At the end of the training regimen, the researchers tested all their lizards a final time. The distance runners had clearly improved. On a fast treadmill, the endurance-trained lizards could run for almost three times as long as they had initially. Blood samples showed that their hematocrit levels—a measure of red blood cells, which carry oxygen—had also increased. And dissecting the limbs of dead lizards revealed that their muscle fibers had grown, just as they do in exercising mammals.

The sprinting lizards were a little more disappointing. In their final trials, they didn’t run any faster than they had before training. But their muscle fibers had also grown. Husak suspects that these athletes had actually improved—they just didn’t feel like performing.

“I definitely think the sprint-trained ones increased their sprinting abilities,” Husak says. But after the lizards had spent so much time being handled by humans, he says, “We just couldn’t motivate (i.e., scare) them enough…to run as fast as they could.”

There’s not likely to be a lizard Olympics anytime soon. Creating athletic anoles isn’t the only goal of Husak’s research, though. He’s ultimately interested in the tradeoffs that come with being a good athlete. Animals that spend more energy on reproduction, for example, may have to sacrifice life expectancy or immunity. Do the same tradeoffs happen when animals spend their resources to build beefy muscles?

Husak has gotten closer to answering that question by showing that lizards can be trained. Now he just has to figure out how to scare them into performing their best—because even if the biology of exercise is the same across vertebrates, the power of a “Just Do It” poster isn’t.

Anolis lividus Is HHMI Biointeractive’s Image of the Day

The post doesn’t say much, but it’s nice for this lovely anole to get the attention it deserves!

If you search for photos of A. lividus online, there aren’t all that many. Several more nice ones have appeared previously on AA, such as this one:

Photo by Jim Hewlett

 

and here’s one from Calphoto:

If you want to read more on this not-well-studied species from an island recently ravaged by volcanoesAA is the place [1,2].

 

 

 

New Study on the Habitat Use of Day Geckos

Phelsuma guimbeaui from Mauritius.

Despite the brilliant colors, the natrual history of day geckos (Phelsuma) is little known. The most recent issue of Herpetological Conservation and Biology includes a very nice study on the habitat use of two Mauritian species, showing that they are most abundant in native forest and pointing out that, thanks to their pollinating services, they are keystone species. An interesting point is that even though day geckos are essentially Old World anole doppelgängers, in their habitat use they differ in rarely leaving the trunks of trees. One of the authors is legendary ornithological conservationist Carl Jones, almost single-handedly responsible for preventing the extinction of several Mauritian bird species.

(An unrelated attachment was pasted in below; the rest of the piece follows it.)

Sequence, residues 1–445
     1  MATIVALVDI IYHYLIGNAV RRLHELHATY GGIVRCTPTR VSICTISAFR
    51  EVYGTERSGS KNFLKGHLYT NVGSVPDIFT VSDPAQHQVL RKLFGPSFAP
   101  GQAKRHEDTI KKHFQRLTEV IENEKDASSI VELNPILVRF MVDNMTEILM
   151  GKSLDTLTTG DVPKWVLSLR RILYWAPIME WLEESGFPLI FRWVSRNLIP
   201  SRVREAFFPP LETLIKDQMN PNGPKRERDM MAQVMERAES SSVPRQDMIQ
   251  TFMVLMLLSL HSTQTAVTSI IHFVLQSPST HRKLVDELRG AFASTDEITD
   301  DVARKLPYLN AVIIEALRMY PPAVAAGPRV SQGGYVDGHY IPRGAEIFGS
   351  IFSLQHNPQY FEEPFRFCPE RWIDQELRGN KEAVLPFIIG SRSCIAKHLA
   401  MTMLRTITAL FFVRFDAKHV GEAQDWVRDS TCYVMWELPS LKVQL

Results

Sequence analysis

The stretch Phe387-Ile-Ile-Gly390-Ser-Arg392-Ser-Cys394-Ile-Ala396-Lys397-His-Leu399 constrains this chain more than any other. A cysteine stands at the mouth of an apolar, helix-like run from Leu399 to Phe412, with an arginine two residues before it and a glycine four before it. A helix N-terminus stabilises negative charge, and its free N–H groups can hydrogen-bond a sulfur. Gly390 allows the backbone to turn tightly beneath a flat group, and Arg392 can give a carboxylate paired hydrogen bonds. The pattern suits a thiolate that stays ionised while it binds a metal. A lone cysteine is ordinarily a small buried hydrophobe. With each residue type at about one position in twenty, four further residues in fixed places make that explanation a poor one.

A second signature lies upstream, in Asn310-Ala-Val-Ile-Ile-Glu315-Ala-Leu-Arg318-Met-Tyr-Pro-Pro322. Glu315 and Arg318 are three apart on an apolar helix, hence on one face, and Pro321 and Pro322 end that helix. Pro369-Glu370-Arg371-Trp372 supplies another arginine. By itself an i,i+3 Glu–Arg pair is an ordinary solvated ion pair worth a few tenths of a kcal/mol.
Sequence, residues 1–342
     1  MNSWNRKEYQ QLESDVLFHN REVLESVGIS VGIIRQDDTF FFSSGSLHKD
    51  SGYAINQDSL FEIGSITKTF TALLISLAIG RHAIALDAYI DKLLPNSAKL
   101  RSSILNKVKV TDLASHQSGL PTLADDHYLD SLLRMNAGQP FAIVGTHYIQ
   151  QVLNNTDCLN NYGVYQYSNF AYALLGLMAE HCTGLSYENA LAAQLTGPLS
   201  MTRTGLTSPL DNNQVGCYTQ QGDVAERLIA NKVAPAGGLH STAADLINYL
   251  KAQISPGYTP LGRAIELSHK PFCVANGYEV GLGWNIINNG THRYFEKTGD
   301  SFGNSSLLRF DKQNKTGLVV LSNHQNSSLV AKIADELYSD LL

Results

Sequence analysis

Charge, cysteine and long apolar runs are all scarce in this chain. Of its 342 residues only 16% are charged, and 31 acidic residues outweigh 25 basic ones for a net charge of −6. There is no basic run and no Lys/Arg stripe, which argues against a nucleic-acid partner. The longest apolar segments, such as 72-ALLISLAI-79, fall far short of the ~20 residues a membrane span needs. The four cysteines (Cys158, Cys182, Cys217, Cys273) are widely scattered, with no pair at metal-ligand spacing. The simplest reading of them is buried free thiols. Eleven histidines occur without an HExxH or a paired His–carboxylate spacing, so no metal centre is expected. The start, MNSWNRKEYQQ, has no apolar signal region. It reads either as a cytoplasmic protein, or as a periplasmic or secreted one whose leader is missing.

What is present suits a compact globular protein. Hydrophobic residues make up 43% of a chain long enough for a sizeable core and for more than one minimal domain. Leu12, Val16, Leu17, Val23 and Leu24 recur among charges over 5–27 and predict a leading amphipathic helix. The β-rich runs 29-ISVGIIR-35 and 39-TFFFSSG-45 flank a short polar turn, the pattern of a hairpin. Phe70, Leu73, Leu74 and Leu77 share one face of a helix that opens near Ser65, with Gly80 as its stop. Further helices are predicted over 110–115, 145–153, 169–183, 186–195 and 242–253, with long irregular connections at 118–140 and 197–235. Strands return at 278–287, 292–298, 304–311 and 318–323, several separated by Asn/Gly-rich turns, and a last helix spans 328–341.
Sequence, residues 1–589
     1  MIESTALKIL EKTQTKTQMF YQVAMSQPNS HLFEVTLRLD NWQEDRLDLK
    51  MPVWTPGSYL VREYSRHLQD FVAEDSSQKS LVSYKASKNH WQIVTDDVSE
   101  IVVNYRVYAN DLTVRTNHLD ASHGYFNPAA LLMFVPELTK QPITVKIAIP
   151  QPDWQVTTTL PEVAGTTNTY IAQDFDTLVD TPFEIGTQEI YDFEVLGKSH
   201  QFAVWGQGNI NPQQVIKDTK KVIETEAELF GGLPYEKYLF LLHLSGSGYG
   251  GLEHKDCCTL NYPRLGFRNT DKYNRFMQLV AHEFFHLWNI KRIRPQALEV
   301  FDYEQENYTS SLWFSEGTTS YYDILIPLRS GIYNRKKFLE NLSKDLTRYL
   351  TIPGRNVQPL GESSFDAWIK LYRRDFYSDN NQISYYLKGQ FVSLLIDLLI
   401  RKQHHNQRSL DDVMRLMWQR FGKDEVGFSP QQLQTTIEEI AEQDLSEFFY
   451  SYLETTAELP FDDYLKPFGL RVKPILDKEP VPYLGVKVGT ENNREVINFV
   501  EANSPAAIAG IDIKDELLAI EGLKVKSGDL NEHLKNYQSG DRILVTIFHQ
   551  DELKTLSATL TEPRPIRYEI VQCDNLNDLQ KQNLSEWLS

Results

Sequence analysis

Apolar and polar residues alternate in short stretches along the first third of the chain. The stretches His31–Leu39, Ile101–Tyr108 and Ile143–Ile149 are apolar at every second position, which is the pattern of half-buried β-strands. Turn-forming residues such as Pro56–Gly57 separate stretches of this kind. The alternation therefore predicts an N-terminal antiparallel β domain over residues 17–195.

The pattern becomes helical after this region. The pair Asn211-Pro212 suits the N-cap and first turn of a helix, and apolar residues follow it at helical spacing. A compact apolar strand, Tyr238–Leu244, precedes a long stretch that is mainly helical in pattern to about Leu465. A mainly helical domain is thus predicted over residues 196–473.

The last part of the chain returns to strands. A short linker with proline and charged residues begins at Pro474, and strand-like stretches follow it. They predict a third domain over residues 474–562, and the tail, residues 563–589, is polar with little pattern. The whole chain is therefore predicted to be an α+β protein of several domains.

Here’s the abstract:

Many fragile ecosystems across the globe are islands with high numbers of endemic species. Most tropical islands have been subject to significant landscape alteration since human colonisation, with a consequent loss of both habitat and those specialist species unable to adapt or disperse in the face of rapid change. Day geckos (genus Phelsumaare thought to be keystone species in their habitats and are, in part, responsible for pollination of several endangered endemic plant species. However, little is known about key drivers of habitat use which may have conservation implications for the genus. We assessed the habitat use of two species of Phelsuma (Phelsuma ornata and Phelsuma guimbeaui) in Mauritius. Both species showed a strong affinity with tree trunks, specific tree architecture and are both restricted to native forest. Tree hollows or cavities are also important for both species and are a rarely documented microhabitat for arboreal reptiles. Both P. ornata and P. guimbeaui avoid areas of high disturbance. Our data suggest that active conservation of Phelsuma requires not only the protection and restoration of native forest, but also implementation of forestry practices designed to ensure the presence of suitable trees.